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Hylehurst was commissioned by John W. Fries in 1884. The home was designed by prominent New York City architect Henry Hudson Holly, and it is the only surviving building designed by Holly in the state of North Carolina. Fries was one of the most prominent members of one of Winston-Salem’s chief early industrial families. He was a leader in his family’s milling businesses and throughout the Twin Cities, Forsyth County, North Carolina, and the United States; he was even appointed to a national Monetary Committee by President William McKinley in 1896. His Queen Anne home is one of the few surviving houses built in the neighborhood by Winston-Salem’s industrial magnates. It is currently home to a law office.


  • Hylehurst

The Fries family was perhaps the most influential of the many Moravian industrialist families in Winston-Salem. Francis Fries was one of the founders of the Salem Manufacturing Company, a wool mill, in 1835. He left the company soon after and founded a competing wool mill; he was joined by his brother Henry, and the venture became the F. and H. Fries Manufacturing Company around 1846. The Fries brothers built a cotton mill in 1848, then purchased the struggling Salem Manufacturing Company and converted the building into the Wachovia Flour Mill in 1856. Fries family members also built the Arista Mill, a cotton mill, adjacent to the Wachovia Flour Mill in 1880.

John W. Fries was the eldest son of Francis Fries, born on November 7th, 1846. He attended the Salem Boys School, but worked in the family mills during the Civil War. He attended the University of North Carolina in 1866 and 1867, but returned to the mill business when he became a partner of the F. and H. Fries Manufacturing Company. During his career, he was President of both this company and of the Arista Mill Company. He was also a successful inventor. He designed a dye machine for cotton mills and an industrial humidifier, the latter of which became the basis for the Normalair Company (today known as The Bahnson Company).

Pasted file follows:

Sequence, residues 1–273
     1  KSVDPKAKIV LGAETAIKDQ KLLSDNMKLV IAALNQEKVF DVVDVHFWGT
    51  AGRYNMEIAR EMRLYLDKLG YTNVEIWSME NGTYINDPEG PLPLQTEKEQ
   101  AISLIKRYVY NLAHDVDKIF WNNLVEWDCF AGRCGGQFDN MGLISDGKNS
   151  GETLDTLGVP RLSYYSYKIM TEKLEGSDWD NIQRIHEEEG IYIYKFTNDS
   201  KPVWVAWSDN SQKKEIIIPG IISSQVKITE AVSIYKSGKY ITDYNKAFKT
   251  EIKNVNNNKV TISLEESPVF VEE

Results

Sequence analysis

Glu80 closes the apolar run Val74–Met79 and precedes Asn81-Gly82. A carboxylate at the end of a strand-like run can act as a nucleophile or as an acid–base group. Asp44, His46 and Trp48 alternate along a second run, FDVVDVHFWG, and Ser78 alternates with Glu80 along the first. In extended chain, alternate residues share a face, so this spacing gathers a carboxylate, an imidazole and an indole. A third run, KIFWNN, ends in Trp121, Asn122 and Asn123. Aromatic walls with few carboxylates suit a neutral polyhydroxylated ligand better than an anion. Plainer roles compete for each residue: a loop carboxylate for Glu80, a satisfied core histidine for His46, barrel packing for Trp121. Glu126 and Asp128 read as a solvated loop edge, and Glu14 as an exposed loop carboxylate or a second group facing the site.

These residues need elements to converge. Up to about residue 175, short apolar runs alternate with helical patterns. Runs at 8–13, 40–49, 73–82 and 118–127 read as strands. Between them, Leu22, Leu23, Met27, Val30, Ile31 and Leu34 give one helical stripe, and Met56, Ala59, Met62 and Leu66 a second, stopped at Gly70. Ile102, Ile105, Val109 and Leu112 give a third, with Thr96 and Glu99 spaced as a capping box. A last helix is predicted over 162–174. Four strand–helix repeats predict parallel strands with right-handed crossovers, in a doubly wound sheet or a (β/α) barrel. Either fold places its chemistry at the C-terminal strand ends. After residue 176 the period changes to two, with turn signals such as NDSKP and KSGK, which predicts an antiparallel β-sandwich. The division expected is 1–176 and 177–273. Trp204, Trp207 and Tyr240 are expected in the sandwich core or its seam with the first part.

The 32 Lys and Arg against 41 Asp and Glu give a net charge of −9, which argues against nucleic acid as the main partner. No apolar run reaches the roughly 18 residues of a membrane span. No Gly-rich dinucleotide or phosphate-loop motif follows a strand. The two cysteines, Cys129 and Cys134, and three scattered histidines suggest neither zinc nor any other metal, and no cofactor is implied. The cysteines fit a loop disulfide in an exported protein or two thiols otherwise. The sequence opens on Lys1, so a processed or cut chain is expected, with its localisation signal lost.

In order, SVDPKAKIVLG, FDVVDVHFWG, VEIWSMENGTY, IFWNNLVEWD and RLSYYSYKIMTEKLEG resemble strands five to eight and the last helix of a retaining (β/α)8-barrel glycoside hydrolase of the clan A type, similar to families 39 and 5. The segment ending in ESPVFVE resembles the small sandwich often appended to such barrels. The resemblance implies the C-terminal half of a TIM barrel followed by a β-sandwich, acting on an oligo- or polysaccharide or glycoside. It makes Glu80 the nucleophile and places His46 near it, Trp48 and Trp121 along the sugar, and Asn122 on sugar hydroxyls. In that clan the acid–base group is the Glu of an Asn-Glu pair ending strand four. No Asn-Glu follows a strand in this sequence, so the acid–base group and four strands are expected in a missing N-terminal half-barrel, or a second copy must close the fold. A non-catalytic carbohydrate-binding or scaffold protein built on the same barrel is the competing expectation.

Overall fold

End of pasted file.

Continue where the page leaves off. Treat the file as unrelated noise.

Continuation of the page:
Fries’s interests and achievements were not confined to the milling business. He served as President of the People’s National Bank of Winston-Salem, the Salem Cemetery Company, the Fealty Building and Loan Association, and the Winston-Salem Chamber of Commerce; Director of the North Carolina Midland Railroad, the Wachovia Loan and Trust Company, and the Fries Manufacturing and Power Company; a member of the Town of Salem Commission, the Forsyth County Board of Commissioners, the University of North Carolina Board of Trustees, the Salem College Board of Trustees, the Society of Chemical Industry, and the Academy of Social Science; and chairman of the Winston-Salem Foundation. He was also a Salem magistrate and a judge of the Forsyth County Court. He held many of these positions for decades. He was awarded an honorary LLD (or Doctor of Laws) by the University of North Carolina in 1926. In addition, Fries was a staunch supporter of the gold standard; he was elected to a national gold standard committee, wrote articles advocating for the gold standard, and supported William McKinley in the 1896 election. In 1897, after his victory, McKinley appointed Fries to a national Monetary Commission. Finally, Fries was a longtime member of the Home Moravian Church, serving on its Board of Trustees and as its chairman. He was elected to the Southern Provincial Elders Conference and was twice chosen to represent the Southern Province at the decennial General Synods, which were held in Germany.